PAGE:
Unprecedented in every way, the COVID-19 pandemic has changed life as we know it, not least of all how we educate our children. With schools closed, children are now learning remotely, leaving many parents wondering how their academic progress will be affected. Joel Westheimer, a professor in the Faculty of Education who holds the University Research Chair in Democracy and Education and the education columnist for CBC Radio in Ottawa, shares his insights into this singular version of “distance education.”
What is your main message to parents who are concerned with how school closures might affect their children’s education?
I don’t think parents should be overly concerned about kids falling behind or needing to catch up. There will be a lot of accommodations in the fall at the K-12 and university levels for kids who haven’t received the same kind of grading, who haven’t taken standardized tests, or who have missed certain aspects of learning in the classroom.
Parents should not be worried about learning loss. We can’t only look at what kids are missing when they don’t follow the “normal” curriculum. We also have to look at opportunities for learning that are unique to this time. What can children learn from the world around them now — the crisis and the world’s response to it? What can children gain from time with family, from watching nature, from cooking, playing, creating? Let’s talk about learning gain and not just learning loss.
Do you have any tips for managing learning from home?
One of my main recommendations to parents is to help your children structure their day. The day should have times when kids are engaged in cognitive, physical and hands-on activities, like cooking, gardening, or building something. That’s very important because we don’t want kids, or adults for that matter, spending eight hours a day scrolling through social media. First of all because it’s not very useful but, secondly, because it can lead to depression, and we know that depression can actually lead to a compromised immune system — something especially worrisome during a pandemic.
I would most want to see parents drawing on their own resources and interests, and on their kids’ interests and passions, to develop activities based on what is available to them. If a parent plays a musical instrument, maybe this is a good time to teach those skills to their children. If Mom or Dad is a writer, then do a writing project. If a parent is a health worker, professor, or policymaker, then look into the social, economic, and political effects of pandemics.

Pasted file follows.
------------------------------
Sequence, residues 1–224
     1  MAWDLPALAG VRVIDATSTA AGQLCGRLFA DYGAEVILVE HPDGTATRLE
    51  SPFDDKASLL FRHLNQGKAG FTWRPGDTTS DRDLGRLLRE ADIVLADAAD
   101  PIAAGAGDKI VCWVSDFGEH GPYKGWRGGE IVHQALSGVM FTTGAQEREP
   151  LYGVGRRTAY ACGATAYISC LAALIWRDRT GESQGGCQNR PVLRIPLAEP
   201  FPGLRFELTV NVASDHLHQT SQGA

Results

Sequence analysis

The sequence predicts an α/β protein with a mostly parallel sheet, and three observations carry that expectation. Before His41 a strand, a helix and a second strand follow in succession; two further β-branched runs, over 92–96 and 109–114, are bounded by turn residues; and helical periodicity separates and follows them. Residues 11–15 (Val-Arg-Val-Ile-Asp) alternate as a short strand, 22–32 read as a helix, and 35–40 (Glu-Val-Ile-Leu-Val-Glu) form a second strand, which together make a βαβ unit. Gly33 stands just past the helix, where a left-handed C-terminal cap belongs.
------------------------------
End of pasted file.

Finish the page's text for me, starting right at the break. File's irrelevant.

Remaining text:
What would you say to parents of high school students who are worried about their school year and handling schoolwork remotely?
The Ministry of Education in Ontario has, in general, struck a very balanced and reasonable set of expectations, whereby it offers online resources while also making it clear that this isn’t do or die. To the extent that it helps you and your child, use those resources. But don’t let them add an extra layer of stress to an already stressful time. Universities, for example, are making accommodations for next year which will take into account the missed school time.
High-achieving kids are going to feel like they want to do it all. But sitting in front of a screen is not the same as being in a classroom. Parents should watch out for that. Is your child getting exercise? Is your child getting away from their screen and doing things offline? I prefer to see hands-on, project-based learning and using worksheets as little as possible.
What is your advice for parents of primary school students?
The advice doesn’t change much, but primary school students will need more help structuring their day and they will need a little more attention. I think it’s great if they can check in occasionally with their teachers and their classmates online. The time requirements in front of the screen should, of course, be less than in high school. Make sure they’re not getting lost in their screen for hours and hours.
How do parents, particularly of younger children, reconcile working from home with their children’s schoolwork?
This is a tough one. You should certainly look out for yourself and your family, and limit the amount of work that you can expect to do. For everyone’s mental health, you should not stress about a child watching movies, for instance. You don’t want them in front of the screen the whole day, but you have to balance work demands and what you can do. For those lucky enough to have two parents working from home, you can take turns. Most employers will be giving parents a little leeway in what they can and can’t get done.
Can you think of another situation when school was out for a prolonged period? If so, how did it affect children’s education?
In our lifetime, there’s never been this kind of global pause. I think, in some ways, a global pause is easier to manage than isolated events, such as school closures due to a strike, which occur in one place while the rest of the world keeps going. That’s when you get more of a sense of falling behind.
There’s no evidence of long-term damage to children from missing a few months of school. The pandemic is a unique situation whereby everyone is going to be “behind,” so let’s acknowledge that and take it to heart. We’re all taking a pause.